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Hamlet got me thinking …


Hamlet Au

So, over on New World Notes, Hamlet Au posted the results of a survey of Second Life residents about U.S. presidential candidates. Spoiler: Hillary Clinton won by a wide margin. But that’s not what I want to talk about. What I want to talk about is an offhand comment Hamlet made about Libertarianism: “I guess I’m most surprised by how few in Second Life support Gary Johnson, since Second Life itself is more or less a laissez faire libertarian virtual world.”

Well, OK, but … no, not really. My response to that was “As to Libertarianism appealing to Second Life residents because there’s no law or structure to our world, I’d like to point out that this isn’t really by our choice! I’d love for Second Life to be a place with some governance and stability, and living in a world where things appear and disappear and the authorities are rarely involved in resolving disputes and injustices does not make me at all more enthusiastic about societies without constraints!

In fact, that makes me really interested to imagine what a virtual world that did have some governance would be like…”

capitol

What would a Second Life government do?

Of course, when we think of “Second Life government,” we think of the Lindens, because they have the power–but they aren’t a government at all, really. Actually, they’ve worked really hard not to be a government, avoiding responsibility for all but the absolute worst problems, like the plague of griefers long ago, or the plague of billboards a while after that. Even when they intervene, all they do is change the terms of service and the physical laws of the universe. They don’t really get involved in group action or personal consequences or anything like that. It’s a bit of a shame, but I can understand that they’re they’re trying to provide a platform and not a society. If it were me, of course, I would have wanted to provide a society!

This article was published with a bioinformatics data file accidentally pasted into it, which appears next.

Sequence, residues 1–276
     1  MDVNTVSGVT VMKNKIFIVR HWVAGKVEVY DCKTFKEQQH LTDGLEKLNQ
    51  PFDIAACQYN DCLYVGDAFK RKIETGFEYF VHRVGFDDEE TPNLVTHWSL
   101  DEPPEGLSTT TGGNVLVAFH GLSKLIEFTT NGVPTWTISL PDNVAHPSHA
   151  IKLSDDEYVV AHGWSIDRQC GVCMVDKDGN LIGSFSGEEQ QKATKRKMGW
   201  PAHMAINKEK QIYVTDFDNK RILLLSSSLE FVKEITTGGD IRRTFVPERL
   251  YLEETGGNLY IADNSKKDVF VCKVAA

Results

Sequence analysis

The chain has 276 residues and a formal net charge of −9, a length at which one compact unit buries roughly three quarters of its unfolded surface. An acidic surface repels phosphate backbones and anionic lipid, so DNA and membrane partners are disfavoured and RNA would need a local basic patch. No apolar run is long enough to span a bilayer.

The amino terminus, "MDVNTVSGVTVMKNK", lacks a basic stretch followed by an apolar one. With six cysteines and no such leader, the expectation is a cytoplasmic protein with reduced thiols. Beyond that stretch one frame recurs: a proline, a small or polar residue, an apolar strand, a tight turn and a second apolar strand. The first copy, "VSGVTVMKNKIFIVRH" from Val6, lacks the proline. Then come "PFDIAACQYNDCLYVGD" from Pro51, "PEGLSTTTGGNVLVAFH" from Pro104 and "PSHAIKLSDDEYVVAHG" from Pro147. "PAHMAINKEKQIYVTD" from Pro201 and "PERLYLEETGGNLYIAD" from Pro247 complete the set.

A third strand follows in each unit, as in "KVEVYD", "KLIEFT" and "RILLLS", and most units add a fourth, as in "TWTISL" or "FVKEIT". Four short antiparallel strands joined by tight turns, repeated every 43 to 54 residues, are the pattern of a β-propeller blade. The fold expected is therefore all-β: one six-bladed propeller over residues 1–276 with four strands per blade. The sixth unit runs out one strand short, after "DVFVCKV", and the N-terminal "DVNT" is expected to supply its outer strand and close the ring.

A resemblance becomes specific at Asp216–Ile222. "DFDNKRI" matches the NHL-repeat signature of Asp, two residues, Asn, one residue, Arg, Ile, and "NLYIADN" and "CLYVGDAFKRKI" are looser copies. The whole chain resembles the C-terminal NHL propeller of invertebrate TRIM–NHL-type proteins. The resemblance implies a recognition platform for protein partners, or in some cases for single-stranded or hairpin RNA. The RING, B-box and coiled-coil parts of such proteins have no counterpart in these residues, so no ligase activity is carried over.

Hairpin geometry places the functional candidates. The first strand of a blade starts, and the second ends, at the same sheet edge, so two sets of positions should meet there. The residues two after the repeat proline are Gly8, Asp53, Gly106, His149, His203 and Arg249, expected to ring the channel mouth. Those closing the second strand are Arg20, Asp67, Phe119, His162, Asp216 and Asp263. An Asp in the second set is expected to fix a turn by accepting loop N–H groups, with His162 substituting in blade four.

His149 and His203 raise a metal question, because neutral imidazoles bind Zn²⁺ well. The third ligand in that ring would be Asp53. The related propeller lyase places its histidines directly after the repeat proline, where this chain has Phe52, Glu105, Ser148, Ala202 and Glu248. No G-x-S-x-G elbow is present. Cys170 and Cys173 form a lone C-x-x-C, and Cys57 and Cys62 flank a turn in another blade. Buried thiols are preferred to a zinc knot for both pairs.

Anyway, that’s exactly what a Second Life government, if there were one, could do. They could work on addressing questions like vast, empty spaces or problem behavior, the difficulty of disentangling sex-focused venues from non-sex-focused venues, and things like that. They couldn’t really be a good go-between between the resis and the Lindens, since they wouldn’t have much leverage to make the Lindens do anything, but perhaps they could obtain some powers in some cases so that there could be actual enforcement if they were to come up with laws.

But how?

vote

Since this kind of thing wouldn’t be everybody’s cup of tea, I think the way it could work the best would be for someone to pay for some sims in Second Life and invite people who want to live in a structured society to live, sell, shop, and play there. The sim owners could sponsor elections (or I suppose simply annoint a monarch if they wanted to go that way), and there could be representatives to help work out laws and perhaps even a judiciary. Of course, laws would vanish at the borders of this area, but if it were successful, the governance could grow to encompass other sims, even if they weren’t adjacent, and without the original sim owner or sim owners needing to do anything.

queen

And yet, maybe not

However, I don’t know if I think a Second Life government is realistic. Does anyone care that much? I’d find it fascinating, but I’m hardly normal. And can you have a working government when not just your citizens but your elected and appointed officials keep winking in and out of existence? Still, it’s a fascinating idea, isn’t it?

^^^\ Kate /^^^

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